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Stress and anxiety cases are still on the rise despite the pandemic easing

Although normality is largely back in the UK, the upward spike in people needing help with anxiety isn’t slowing.

Mental health provider Priory have found in their latest research that cases of stress and anxiety are rising ‘sharply’.

There’s been a 55% increase in the numbers seeking help with stress or anxiety between 2019 and 2021.

In February 2022, there was a 32% rise compared to the same month last year.

This stacks up to global data too – the World Health Organisation reported a 25% increase in how rife anxiety and depression were in the first half of the pandemic.

But since things have eased in certain parts of the world with Covid, other global concerns have come into view.

Firstly, there’s the war in Ukraine, and closer to home there’s still concerns around job safety and financial struggle.

Dr Natasha Bijlani, consultant psychiatrist at Priory’s Roehampton hospital, said: ‘Some of my existing patients who already had a history of depression or anxiety, found the challenges imposed by the pandemic difficult to manage.

‘I’ve also assessed many new patients whose mental health has been tipped over by the pandemic, who might otherwise have never needed to seek professional help.

‘Some people are likely to be able to return to their previous state of mental health, while others are likely to have been left with long lasting effects, and although anxiety disorders can become “long term”, they can be managed so that symptoms are minimised.’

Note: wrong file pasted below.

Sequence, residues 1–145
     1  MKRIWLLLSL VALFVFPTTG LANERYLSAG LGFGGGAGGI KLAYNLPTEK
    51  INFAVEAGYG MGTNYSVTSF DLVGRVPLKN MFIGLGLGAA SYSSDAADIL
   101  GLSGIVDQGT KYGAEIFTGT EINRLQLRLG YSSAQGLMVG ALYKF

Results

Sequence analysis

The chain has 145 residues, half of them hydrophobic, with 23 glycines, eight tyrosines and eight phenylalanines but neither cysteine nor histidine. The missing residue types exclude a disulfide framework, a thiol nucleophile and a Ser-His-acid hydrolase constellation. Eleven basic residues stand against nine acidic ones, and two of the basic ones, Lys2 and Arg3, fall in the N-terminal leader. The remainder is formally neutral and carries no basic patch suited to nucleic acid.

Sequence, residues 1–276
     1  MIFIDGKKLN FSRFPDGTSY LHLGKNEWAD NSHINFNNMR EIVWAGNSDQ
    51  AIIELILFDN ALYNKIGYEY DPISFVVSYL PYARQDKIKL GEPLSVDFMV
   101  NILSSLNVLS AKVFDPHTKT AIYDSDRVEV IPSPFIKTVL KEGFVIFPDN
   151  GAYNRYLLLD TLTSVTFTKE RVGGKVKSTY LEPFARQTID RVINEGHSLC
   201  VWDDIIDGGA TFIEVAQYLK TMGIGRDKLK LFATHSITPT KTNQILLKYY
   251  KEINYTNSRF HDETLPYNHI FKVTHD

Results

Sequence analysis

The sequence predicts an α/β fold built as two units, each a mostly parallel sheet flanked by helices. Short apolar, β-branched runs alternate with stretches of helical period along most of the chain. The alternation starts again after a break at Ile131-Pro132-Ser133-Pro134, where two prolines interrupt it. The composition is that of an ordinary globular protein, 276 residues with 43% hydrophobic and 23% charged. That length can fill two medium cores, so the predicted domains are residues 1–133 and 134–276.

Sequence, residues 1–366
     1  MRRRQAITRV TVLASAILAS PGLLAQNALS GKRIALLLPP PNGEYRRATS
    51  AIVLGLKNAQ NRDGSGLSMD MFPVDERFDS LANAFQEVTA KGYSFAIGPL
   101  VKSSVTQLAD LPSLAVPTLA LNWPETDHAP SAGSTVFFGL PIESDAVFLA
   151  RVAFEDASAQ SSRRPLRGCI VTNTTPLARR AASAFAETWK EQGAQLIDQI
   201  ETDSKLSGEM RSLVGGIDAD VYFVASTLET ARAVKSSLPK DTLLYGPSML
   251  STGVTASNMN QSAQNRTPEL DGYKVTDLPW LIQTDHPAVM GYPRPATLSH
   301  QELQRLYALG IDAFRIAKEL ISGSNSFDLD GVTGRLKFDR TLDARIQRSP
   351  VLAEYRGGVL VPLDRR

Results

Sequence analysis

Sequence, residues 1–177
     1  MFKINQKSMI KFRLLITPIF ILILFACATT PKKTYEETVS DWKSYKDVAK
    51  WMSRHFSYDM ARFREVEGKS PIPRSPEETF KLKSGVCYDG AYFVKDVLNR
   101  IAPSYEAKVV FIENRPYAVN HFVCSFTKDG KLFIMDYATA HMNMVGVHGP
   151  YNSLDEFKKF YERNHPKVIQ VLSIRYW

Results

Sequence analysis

Managing anxiety and stress

Dr Bijlani recommends the trying the following to help make the day-to-day easier.

Breathing: ‘When people get anxious, they often forget to breathe properly and take shallow breaths which can worsen stress. Try to be mindful of your breathing technique and take time, even just a few minutes, on a daily basis to breathe deeply and slowly so that it becomes a regular habit.’

Sleeping: ‘Keep up with good sleep habits as quality sleep has an incredibly restorative function that many of us marginalise at our peril.’

Cut triggers out: ‘If you find yourself being adversely affected by the news, avoid watching endless news bulletins. Identify how you are feeling and accept that it is an understandable response in the circumstances.’

Eating and drinking: ‘Make sure you eat regular, healthy meals and hydrate yourself appropriately avoiding alcoholic drinks which can lead to depression and worsening of anxiety after the initial pleasurable effects have worn off.’

Plan in fun: ‘Ground yourself in enjoyable experiences or meaningful work to give yourself a sense of purpose and flow. Focusing on small, achievable goals, which could be engaging in an interesting project or having a meaningful conversation with another person, could help you rediscover some of the energy and enthusiasm that you might be lacking, and alleviate some of your anxiety and stress.’

If you’re seeing a friend of family member experience this, she adds: ‘Actively listen to their concerns but avoid readily providing too much reassurance.

‘Encourage them to participate in some basic self-care. Just paying attention to their daily hygiene, dietary intake, sleep and physical exercise can be a good first step to aim for.’

Other techniques that can help include journaling and exercise.

If symptoms persist, speak to your GP who will then advise on the next step.

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